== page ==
Hepatitis E (HE) is an infectious disease of the liver caused by hepatitis E virus (HEV). HEV, a sole member of the family Hepeviridae, genus Hepevirus, was first identified in 1983 by a Russian virologist [1]. HEV infections occur globally, both as outbreaks and as sporadic cases [2]. An estimated 20 million infections and 3·3 million symptomatic cases of HE occur annually worldwide with an estimated 56 600 deaths [3]. Outbreak of this disease frequently occur in developing countries with limited access to safe drinking water and poor sanitation and hygiene [49]. In recent years, numerous HE outbreaks have been reported in areas of conflict and humanitarian crises, such as war zones, camps for refugees, or internally displaced populations [1012]. HE is clinically indistinguishable from other causes of acute viral hepatitis. Symptoms usually develop within 2–8 weeks of initial exposure to the virus. The primary symptoms include fever, nausea, abdominal pain, vomiting, anorexia, malaise, and hepatomegaly. HEV infection is usually self-limiting but may develop into fulminant hepatitis with high mortality [13]. HE seroprevalence increases with age. The overall case-fatality rate is estimated to be 1–3% but it can be up to 20% in HEV-infected pregnant women [14, 15].

There are currently four known human genotypes of HEV, each displaying different epidemiological and clinical characteristics. Genotypes 1 and 2 frequently cause waterborne HE outbreaks and have been found only in humans, especially in young and middle-aged adult populations [1618]. Genotypes 3 and 4 mainly cause sporadic cases in the middle- to old-age general population and have been isolated from swine and other animal species as well as humans [19]. Small-scale foodborne HE outbreaks of genotype 3 have also been reported, but outbreaks of HE caused by genotype 4 have rarely been recorded [20].

There are four documented routes of transmission of HEV. These routes of transmission include: the faecal–oral route, ingestion of undercooked meat or meat products derived from infected animals such as boars and deer and domestic animals such as pigs, transfusion of infected blood products; and vertical transmission from a pregnant woman to her fetus. The most common source of HEV infection is the faecal–oral route due to faecal contamination of drinking water in low- and middle-income countries where outbreaks are common, while meat consumption from infected animals (pork products mainly) plays a very important role in high-income countries where sporadic cases are usual [21]. The virus enters the body mainly through direct ingestion of contaminated water or meats. Other transmission routes that appear with less frequency are via blood and vertical transmission [4]. Moreover, recent studies have increasingly focused on secondary transmission. About 18% of shellfish samples collected from a coastal area of China were contaminated with 16 strains of HEV-4, which were closely related to swine and human isolates [22]. HEV sequences have been detected on soft fruits and vegetables, with irrigation water as the suspected vehicle of contamination [2325].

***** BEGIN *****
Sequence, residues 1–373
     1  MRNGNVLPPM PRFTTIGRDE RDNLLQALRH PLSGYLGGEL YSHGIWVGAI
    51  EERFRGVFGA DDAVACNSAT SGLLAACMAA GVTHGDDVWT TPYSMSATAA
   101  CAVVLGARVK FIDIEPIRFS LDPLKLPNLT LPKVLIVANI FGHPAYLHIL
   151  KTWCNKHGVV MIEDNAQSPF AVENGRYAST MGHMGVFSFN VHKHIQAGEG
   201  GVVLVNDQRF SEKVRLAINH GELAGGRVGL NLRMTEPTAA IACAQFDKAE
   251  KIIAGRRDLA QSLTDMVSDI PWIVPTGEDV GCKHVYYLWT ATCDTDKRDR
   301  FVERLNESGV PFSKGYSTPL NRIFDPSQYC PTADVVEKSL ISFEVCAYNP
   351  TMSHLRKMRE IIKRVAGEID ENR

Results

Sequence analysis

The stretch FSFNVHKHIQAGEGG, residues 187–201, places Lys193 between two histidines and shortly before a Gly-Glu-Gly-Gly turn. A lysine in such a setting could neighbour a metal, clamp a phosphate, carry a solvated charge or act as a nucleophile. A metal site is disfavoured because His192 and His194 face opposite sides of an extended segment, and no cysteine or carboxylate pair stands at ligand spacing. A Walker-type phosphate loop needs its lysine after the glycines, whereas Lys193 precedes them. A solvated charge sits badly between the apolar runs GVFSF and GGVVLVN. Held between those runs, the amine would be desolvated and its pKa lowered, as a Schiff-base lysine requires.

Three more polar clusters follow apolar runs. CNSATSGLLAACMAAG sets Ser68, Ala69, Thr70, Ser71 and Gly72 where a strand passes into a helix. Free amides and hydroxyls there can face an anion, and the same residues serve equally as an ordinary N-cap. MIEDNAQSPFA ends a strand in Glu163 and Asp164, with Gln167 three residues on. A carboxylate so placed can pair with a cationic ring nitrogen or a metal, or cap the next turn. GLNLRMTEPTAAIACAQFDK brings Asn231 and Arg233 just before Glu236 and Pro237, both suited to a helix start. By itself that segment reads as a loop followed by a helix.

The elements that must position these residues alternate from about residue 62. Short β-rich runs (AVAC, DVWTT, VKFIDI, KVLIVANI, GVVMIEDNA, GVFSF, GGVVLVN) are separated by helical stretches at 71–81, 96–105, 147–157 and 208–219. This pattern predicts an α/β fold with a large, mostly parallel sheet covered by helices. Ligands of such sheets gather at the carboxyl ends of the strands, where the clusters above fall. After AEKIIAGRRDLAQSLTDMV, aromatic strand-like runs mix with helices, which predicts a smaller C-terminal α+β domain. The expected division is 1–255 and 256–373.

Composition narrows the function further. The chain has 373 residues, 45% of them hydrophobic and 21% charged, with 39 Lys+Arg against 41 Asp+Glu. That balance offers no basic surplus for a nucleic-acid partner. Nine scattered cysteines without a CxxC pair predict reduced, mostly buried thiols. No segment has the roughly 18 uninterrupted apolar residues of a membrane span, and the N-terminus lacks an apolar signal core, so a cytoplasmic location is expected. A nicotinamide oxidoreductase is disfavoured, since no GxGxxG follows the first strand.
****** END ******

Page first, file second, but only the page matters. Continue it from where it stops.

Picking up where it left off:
From 24 January to 4 February 2015, a hospital in Jiashan County reported two laboratory-confirmed HE cases, with one death. Both these patients were residents of the same nursing home in Ganyao town, Jiashan County. Because the occurrence of HEV is rare in China, especially in a nursing home, which might have potential public health implications, an epidemiological investigation was undertaken, aiming to identify additional cases, the aetiology, source, risk factors and transmission patterns. The information drawn from this investigation will provide new insights into understanding the aetiology and epidemiology of HE infection and even a new strategy to prevent future HE outbreak.


Study site and history of HE epidemics

The nursing home where the outbreak occurred is located in downtown Ganyao, a rural area of Jiashan County, Zhejiang Province, China (Fig. 1). There are four buildings in this nursing home. Two to five elderly individuals live in one room, sharing a separate washroom. Each floor has a public washroom. Buildings 1, 2 and 4 share the same water supply system and have only one water boiler for drinking water supplies, housed in building 1. The drinking water of the county is standardized and supplied by local drinking water companies.

Fig. 1. Location of Ganyao town in Zhejiang Province.

The population of Ganyao township is ~43 000. Sporadic HE cases were noted annually with an incidence of ~3/100 000 in Jiashan County, according to data from the National Notifiable Disease Report System. In 2014, one of the 22 HE cases reported in Jiashan County was a 45-year-old male farmer residing in a community 3·1 km from the nursing home. During the same period, a study conducted in the community-based population showed a ~40% positive rate of anti-HEV IgG in Jiashan County (N. Cao, unpublished data).

Case definition

Individuals who lived or worked in the nursing home between 1 October 2014 and 18 April 2015 were included in a case-control study. Cases were defined as serum anti-HEV IgM positive, regardless of symptoms, and controls were defined as serum anti-HEV IgM and IgG negative. Clinically, the cases were further divided into clinical cases and sub-clinical cases. A clinical case was defined as any confirmed case with clinical symptoms or signs of acute viral hepatitis such as hypodynamia, anorexia and jaundice, accompanied by an abnormal alanine aminotransferase (ALT) level. A sub-clinical case was defined as a confirmed case with normal ALT level and lack of hepatitis-like symptoms.